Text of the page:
“I’m not going to say we don’t appreciate the cell phone videos that we have gotten on so many occasions that have helped us solve crimes. But it makes people so incredibly vulnerable to crime. And the inattention, which creates this tremendous vulnerability to people, is just something that’s so easily corrected.” That’s San Francisco Police Chief Greg Suhr reminding San Franciscans that when they’re out in public, they’re, well, out in public. With all the attendant risks that entails. This, in the wake of a shooting last month. Nikhom Thephakaysone pulled a .45 on a crowded commuter train and pointed it across the aisle . . .
“These weren’t concealed movements – the gun is very clear,” said District Attorney George Gascón. “These people are in very close proximity with him, and nobody sees this. They’re just so engrossed, texting and reading and whatnot. They’re completely oblivious of their surroundings.”
Thephakaysone didn’t shoot on the train. He got off without disturbing anyone because all the other passengers were heads down, absorbed by their electronic devices. It was only later that investigators noticed him drawing the pistol when they reviewed the train’s security video. They were investigating the (apparently random) murder of Justin Valdez about an hour after Thephakaysone got off.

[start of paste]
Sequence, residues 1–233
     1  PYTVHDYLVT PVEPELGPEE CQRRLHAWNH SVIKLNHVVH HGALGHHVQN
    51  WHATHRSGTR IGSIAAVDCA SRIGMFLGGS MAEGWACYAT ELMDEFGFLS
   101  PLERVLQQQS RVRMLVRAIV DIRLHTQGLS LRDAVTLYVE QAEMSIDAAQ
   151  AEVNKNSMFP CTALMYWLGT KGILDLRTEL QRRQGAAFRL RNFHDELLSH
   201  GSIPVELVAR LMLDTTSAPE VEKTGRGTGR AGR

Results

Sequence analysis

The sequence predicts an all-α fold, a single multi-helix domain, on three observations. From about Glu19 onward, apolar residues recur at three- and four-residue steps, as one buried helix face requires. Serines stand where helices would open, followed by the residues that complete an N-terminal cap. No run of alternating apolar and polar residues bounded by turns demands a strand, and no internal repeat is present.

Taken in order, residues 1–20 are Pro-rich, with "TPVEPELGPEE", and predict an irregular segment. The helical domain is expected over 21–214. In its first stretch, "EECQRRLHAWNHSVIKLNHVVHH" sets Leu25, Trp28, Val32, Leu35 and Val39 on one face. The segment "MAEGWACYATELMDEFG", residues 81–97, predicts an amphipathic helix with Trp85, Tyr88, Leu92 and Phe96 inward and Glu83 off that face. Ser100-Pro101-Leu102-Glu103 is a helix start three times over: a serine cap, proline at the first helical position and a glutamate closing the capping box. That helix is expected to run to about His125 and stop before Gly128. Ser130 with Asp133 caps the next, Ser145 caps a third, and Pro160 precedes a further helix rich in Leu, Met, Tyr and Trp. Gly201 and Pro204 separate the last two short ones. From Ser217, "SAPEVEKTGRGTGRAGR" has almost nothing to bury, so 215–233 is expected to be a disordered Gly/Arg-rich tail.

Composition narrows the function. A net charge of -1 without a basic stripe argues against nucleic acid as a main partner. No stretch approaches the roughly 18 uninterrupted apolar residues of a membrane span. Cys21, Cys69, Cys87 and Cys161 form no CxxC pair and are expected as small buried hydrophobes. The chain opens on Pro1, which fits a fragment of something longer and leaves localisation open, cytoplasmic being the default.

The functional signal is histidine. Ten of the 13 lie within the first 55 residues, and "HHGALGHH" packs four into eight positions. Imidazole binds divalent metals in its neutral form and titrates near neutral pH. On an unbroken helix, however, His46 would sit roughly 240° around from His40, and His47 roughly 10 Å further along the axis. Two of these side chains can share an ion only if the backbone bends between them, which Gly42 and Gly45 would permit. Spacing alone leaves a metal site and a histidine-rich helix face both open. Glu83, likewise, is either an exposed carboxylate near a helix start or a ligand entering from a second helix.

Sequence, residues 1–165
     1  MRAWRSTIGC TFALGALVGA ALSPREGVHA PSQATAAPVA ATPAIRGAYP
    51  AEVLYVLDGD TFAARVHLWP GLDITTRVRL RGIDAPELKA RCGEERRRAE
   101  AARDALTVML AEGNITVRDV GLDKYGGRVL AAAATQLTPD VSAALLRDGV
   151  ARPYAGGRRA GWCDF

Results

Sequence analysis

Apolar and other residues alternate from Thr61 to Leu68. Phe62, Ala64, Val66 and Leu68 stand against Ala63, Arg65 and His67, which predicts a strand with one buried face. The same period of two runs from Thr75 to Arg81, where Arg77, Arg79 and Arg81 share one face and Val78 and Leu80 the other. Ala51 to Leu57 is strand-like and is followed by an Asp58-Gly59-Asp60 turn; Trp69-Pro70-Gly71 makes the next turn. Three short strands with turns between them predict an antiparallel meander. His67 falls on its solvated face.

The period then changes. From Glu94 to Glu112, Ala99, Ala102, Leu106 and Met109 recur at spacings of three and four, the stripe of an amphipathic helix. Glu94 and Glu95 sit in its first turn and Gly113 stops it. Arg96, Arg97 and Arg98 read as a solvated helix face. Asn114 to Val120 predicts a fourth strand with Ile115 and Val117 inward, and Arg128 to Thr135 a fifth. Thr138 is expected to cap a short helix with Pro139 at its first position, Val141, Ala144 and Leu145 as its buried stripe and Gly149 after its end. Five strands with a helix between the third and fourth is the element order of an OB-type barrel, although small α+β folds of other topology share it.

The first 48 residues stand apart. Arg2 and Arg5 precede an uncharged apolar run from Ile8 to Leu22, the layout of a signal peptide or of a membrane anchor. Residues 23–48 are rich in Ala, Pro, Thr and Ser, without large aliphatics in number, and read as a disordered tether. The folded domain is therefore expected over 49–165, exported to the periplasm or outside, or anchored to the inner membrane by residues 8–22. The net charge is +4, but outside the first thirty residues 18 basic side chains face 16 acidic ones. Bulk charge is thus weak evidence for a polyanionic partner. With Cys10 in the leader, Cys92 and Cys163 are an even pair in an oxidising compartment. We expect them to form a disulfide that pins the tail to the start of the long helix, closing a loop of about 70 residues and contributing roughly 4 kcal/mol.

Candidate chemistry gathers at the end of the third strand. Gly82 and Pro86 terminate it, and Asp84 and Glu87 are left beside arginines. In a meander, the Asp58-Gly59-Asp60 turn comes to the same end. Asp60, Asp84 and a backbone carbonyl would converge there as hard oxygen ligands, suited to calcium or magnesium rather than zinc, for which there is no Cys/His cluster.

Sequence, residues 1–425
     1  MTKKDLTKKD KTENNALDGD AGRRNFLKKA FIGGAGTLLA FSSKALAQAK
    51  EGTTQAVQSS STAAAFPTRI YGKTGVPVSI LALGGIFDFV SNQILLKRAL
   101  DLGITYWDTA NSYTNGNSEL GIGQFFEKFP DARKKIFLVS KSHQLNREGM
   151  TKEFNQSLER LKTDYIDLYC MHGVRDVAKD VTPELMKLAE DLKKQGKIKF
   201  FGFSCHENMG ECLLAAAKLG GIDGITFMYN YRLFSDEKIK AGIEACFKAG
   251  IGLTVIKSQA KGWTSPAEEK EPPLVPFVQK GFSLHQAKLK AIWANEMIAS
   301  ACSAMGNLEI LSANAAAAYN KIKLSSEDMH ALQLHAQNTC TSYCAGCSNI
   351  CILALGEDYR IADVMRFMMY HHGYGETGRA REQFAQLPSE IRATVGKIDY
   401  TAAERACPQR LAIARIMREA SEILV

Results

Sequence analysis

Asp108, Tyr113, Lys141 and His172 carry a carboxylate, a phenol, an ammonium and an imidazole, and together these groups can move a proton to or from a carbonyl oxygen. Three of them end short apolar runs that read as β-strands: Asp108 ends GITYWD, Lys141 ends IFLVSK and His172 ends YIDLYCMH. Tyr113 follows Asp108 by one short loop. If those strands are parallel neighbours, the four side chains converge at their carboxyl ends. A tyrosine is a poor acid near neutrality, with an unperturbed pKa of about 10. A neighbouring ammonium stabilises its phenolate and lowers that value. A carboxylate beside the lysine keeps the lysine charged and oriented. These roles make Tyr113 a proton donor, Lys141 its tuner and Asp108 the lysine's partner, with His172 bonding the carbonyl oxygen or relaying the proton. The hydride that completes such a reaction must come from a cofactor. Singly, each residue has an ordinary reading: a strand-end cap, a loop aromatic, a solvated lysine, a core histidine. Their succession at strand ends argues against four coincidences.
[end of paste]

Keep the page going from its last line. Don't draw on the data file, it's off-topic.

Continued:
“When you used to go into a public place, you assumed everyone was in that place with you,” said Jack Nasar, an Ohio State University professor in city and regional planning who specializes in environmental psychology. “What happens to public places when everybody is talking on a cell phone? Everyone is somewhere else.
Yes, this is what happens to people who are bored and absorbed by their iPhones. It’s also a symptom of what happens to people who are unarmed, people who have given over the responsibility for their safety to someone else, either by choice or, in enlightened places like San Francisco, because their right to armed self defense has been legislated away.
Can a law abiding citizen who’s packing a gun lose himself updating his MyFace page or in a game of Angry Birds? Sure, they’re human, too. But as most people who carry concealed can tell you, when you pack heat, you tend to be more aware of your surroundings. Do the People of the Gun who carry tend to be the vigilant type, or does carrying a gun raise your Spidey senses? Does it really matter?